Facebook leak reveals ‘silent epidemic’ of deleted posts

Image copyright Getty Images Image caption Mark Zuckerberg has been working on a controversial proposal to allow outside companies to publish Stories The volume of Facebook blocked posts coming back online is becoming a…

Facebook leak reveals 'silent epidemic' of deleted posts

Image copyright Getty Images Image caption Mark Zuckerberg has been working on a controversial proposal to allow outside companies to publish Stories

The volume of Facebook blocked posts coming back online is becoming a “silent epidemic”, according to internal documentation about the social network that has been leaked.

The Sun obtained the pages of the 11-page document, obtained by Brian Krebs of The Washington Post.

They suggest hundreds of posts can be removed within minutes.

But posts are returned if someone claims they were asked to leave the social network.

According to the document, one post by the US President, Donald Trump, was removed 73 times in the US before being restored.

‘Silent epidemic’

The social network claims Facebook is able to permanently ban user posts under its Community Standards, which state that “if someone flags a content as inappropriate they are entitled to have it removed”.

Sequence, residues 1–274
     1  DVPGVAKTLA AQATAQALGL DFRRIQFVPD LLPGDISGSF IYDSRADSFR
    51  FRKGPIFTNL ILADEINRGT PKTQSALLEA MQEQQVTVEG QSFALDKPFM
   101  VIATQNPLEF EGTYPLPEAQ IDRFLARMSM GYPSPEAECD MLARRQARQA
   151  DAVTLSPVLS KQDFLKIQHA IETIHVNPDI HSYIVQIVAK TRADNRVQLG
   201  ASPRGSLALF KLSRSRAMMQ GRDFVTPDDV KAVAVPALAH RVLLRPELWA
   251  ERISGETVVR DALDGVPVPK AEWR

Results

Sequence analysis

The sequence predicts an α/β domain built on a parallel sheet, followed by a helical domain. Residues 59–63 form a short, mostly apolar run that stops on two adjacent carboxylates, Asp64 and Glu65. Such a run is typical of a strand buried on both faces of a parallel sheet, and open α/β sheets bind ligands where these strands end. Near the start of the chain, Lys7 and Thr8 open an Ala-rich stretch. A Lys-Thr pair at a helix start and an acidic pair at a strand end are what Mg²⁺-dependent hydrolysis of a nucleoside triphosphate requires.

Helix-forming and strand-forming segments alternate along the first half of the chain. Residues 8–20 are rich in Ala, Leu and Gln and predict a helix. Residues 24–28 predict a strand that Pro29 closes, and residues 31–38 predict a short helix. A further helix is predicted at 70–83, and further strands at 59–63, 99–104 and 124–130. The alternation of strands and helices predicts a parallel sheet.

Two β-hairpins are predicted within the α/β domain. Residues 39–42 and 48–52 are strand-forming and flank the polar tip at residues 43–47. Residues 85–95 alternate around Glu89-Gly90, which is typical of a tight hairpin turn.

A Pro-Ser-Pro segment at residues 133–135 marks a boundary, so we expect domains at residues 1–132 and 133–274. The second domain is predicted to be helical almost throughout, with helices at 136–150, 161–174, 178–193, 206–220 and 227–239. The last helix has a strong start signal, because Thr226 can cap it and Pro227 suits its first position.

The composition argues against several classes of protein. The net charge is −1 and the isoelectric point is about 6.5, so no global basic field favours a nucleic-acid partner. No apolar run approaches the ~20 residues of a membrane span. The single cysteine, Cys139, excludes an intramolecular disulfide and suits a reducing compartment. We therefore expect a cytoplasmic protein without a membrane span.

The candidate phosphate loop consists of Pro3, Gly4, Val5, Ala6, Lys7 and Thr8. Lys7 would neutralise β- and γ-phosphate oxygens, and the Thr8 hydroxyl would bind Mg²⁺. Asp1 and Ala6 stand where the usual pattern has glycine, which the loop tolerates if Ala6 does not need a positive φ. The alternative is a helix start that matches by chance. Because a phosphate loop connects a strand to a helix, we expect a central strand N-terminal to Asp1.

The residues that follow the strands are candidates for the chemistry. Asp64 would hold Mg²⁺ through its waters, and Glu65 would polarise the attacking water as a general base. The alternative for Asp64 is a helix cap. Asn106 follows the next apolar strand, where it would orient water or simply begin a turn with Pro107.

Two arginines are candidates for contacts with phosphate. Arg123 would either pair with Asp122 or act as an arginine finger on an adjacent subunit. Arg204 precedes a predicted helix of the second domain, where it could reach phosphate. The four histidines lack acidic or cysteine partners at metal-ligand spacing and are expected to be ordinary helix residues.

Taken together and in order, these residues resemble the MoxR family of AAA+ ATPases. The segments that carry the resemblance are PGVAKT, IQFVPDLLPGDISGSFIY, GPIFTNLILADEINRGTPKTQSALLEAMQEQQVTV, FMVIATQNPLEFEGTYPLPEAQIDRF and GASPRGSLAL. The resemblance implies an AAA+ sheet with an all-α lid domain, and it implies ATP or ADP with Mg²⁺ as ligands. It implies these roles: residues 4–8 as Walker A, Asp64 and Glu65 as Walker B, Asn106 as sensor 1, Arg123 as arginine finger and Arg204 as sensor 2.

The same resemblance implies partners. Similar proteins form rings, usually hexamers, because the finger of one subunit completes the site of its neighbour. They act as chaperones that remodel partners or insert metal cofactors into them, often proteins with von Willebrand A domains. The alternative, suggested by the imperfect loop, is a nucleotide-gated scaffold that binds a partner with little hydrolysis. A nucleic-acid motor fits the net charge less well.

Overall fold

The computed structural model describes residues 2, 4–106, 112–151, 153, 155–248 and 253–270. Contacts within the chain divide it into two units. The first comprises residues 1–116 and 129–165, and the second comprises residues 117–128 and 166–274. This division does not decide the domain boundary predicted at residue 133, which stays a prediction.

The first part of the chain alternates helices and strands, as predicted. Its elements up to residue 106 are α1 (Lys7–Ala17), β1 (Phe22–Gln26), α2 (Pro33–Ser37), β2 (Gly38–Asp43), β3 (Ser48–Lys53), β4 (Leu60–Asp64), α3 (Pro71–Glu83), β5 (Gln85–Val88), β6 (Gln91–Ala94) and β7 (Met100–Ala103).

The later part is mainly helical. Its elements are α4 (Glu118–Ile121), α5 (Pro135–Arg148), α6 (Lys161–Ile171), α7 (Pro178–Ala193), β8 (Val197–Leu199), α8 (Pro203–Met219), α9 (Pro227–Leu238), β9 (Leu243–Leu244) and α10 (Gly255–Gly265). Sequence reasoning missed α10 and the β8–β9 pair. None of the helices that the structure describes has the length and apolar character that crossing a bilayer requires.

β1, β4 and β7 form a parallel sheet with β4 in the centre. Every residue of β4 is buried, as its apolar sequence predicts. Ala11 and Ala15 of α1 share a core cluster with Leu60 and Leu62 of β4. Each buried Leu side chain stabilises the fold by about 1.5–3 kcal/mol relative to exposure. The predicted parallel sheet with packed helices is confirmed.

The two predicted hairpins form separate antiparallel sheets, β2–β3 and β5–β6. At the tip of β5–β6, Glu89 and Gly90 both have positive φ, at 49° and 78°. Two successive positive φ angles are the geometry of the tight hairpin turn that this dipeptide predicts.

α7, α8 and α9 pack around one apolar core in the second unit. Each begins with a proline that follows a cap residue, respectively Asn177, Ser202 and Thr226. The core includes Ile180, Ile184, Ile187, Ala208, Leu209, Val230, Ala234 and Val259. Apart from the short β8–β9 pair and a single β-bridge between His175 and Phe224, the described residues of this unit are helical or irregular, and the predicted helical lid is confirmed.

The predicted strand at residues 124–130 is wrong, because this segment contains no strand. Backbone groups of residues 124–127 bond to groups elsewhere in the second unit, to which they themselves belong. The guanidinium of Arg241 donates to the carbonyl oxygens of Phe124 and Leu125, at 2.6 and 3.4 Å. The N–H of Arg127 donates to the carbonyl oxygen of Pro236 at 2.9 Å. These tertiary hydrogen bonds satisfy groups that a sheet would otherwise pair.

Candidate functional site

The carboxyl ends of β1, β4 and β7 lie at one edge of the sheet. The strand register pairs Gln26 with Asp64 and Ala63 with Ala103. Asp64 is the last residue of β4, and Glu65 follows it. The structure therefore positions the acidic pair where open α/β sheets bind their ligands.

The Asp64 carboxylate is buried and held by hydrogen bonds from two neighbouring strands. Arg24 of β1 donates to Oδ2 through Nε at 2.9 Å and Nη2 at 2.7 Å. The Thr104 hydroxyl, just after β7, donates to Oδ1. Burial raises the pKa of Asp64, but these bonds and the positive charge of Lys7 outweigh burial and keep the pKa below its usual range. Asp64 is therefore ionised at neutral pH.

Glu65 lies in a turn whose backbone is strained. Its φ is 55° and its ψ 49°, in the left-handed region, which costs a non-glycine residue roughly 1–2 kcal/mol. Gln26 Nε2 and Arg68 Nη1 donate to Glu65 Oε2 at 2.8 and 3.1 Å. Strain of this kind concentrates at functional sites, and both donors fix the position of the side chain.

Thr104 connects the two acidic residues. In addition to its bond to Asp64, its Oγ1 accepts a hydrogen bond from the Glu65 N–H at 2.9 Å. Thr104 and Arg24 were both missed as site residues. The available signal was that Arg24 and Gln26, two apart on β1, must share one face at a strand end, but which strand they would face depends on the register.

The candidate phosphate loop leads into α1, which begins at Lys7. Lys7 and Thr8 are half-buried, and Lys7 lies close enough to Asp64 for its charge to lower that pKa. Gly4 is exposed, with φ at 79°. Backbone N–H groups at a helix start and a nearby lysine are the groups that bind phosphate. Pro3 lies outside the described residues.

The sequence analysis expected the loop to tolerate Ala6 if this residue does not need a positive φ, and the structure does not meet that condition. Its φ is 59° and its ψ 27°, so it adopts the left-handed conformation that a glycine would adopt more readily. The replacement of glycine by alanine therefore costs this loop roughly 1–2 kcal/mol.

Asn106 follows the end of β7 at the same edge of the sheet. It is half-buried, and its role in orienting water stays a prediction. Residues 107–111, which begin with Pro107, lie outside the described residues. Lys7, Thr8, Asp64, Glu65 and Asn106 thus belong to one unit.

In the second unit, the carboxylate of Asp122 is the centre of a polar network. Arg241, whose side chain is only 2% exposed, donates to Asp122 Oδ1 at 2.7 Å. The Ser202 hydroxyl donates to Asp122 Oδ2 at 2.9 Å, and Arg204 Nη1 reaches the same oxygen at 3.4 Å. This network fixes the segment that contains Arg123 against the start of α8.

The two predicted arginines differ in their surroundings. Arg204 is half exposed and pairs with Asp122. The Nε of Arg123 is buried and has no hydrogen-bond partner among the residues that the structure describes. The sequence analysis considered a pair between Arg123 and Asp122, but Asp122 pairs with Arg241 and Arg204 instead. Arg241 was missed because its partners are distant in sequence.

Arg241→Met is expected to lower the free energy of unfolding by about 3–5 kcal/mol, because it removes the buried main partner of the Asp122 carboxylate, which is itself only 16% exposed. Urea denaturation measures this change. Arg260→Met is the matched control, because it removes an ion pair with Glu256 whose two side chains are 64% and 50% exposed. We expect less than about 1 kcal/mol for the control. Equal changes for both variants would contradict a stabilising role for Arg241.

But in the document, Facebook appears to show that the community standards could be tightened so that these “removeable posts” can be removed as often as “30 to 60 times per week for most people”.

A page called ‘Retire Me Facebook’ was also written about in the document

Mr Krebs said this suggested “Facebook was setting a precedent of being vigilant and progressive about policing its platform, even at the cost of leaving posts open”.

The document also says Facebook will sometimes remove “a pwned [sic] cat, a promoted selfie or even a re-posted comment” in the US for “simply having the words retold, when this was not the original author’s intent”.

Image copyright Getty Images Image caption When asked about the incident, Facebook responded by saying the same had happened to a teacher

A similar example was reported by the New York Times as being directed at a user that used the phrase “Poke me again”. In that case, the company deleted the comment twice, only to return it once the original poster had emailed Facebook to point out the error.

In response to the leak, a Facebook spokesman told the BBC that such problems “occur a few times per week depending on how many times you have commented on a Page”.

He added: “There is no rule or guideline that says people should never be allowed to make a mistake. Only you can determine if something should or should not be permanently removed, or put back up.”

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